We used to call it “custody;’ but thanks to a 2016 law, we now call it “allocation of parental responsibilities.” A rose by any other name smells as sweet. The change has been, I think, the biggest boon to Illinois family law . . . ever! Can’t find the answer? Need advice? Call, leave your info, or schedule a consultation.
The new law requires parents, within 120 days of filing a case, to file with the court a parenting plan. They may join together and file a single, agreed plan, or they may file separate plans. 750 ILC S5/602.10. The parenting plan must allocate “parenting time” and the responsibility for “significant decision-making” defined as “deciding issues of long-term importance in the life of a child.” 750 ILCS 5/600(k).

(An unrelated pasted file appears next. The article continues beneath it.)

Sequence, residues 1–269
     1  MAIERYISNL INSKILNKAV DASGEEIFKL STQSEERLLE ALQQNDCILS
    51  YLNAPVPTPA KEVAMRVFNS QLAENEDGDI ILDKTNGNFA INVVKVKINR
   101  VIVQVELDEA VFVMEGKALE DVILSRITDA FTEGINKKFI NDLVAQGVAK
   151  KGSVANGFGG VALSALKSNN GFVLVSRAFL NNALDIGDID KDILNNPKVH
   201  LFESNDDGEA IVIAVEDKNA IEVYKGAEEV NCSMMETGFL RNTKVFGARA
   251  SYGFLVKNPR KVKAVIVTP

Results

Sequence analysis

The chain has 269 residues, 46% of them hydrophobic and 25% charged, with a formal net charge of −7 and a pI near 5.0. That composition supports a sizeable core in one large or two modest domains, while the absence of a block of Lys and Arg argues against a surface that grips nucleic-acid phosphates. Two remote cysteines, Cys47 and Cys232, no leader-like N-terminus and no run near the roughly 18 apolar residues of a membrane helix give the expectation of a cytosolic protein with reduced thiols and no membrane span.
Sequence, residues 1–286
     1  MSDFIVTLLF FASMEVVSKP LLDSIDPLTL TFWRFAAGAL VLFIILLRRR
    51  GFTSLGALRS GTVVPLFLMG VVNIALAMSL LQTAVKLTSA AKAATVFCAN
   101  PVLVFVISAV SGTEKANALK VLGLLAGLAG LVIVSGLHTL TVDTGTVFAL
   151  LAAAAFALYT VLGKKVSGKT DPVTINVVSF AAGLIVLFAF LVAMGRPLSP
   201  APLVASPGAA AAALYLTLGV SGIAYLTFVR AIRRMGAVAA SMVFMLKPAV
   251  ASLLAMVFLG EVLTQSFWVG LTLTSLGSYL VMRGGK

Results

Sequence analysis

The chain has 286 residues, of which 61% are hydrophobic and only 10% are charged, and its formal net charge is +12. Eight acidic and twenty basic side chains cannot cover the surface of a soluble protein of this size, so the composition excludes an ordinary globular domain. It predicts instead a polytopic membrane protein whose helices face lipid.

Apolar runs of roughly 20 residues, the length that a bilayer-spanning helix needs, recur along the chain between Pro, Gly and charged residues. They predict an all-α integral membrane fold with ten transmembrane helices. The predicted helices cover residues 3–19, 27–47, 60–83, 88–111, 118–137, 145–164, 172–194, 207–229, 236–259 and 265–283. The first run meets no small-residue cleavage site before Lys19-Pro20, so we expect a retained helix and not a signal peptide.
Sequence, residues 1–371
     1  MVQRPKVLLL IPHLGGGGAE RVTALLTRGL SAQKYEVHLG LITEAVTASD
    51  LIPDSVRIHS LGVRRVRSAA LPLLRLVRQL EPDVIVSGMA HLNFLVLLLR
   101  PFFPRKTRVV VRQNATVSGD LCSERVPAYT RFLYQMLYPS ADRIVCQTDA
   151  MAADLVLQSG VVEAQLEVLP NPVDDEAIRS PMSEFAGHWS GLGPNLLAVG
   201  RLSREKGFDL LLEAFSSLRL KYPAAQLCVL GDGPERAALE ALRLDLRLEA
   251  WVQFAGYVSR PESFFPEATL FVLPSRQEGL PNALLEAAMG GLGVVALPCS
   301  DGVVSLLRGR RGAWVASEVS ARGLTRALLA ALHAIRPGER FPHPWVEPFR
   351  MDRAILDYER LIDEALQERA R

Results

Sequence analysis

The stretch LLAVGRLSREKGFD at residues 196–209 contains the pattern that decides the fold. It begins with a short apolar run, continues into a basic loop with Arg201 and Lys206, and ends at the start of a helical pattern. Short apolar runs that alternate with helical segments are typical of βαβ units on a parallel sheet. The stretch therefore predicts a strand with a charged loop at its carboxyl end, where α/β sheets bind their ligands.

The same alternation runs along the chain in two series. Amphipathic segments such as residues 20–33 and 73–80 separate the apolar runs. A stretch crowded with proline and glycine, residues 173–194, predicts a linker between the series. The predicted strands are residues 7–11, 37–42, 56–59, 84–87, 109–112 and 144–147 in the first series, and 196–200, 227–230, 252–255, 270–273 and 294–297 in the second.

Nearly all cases (about 98%) end up with an agreed Parenting Plan. You'll need a lawyer's help to negotiate a good agreement. This is not D-I-Y territory. There is a LOT to consider — everything from baseball schedules to dependency exemptions to who-will-pay-the-health-insurance-co-pays? Work with an experienced attorney to craft the best agreement for you and your children or to present your best case to the judge.
• Right to Records
• Modifying Parental Responsibility Awards
UCCJEA AND RELOCATION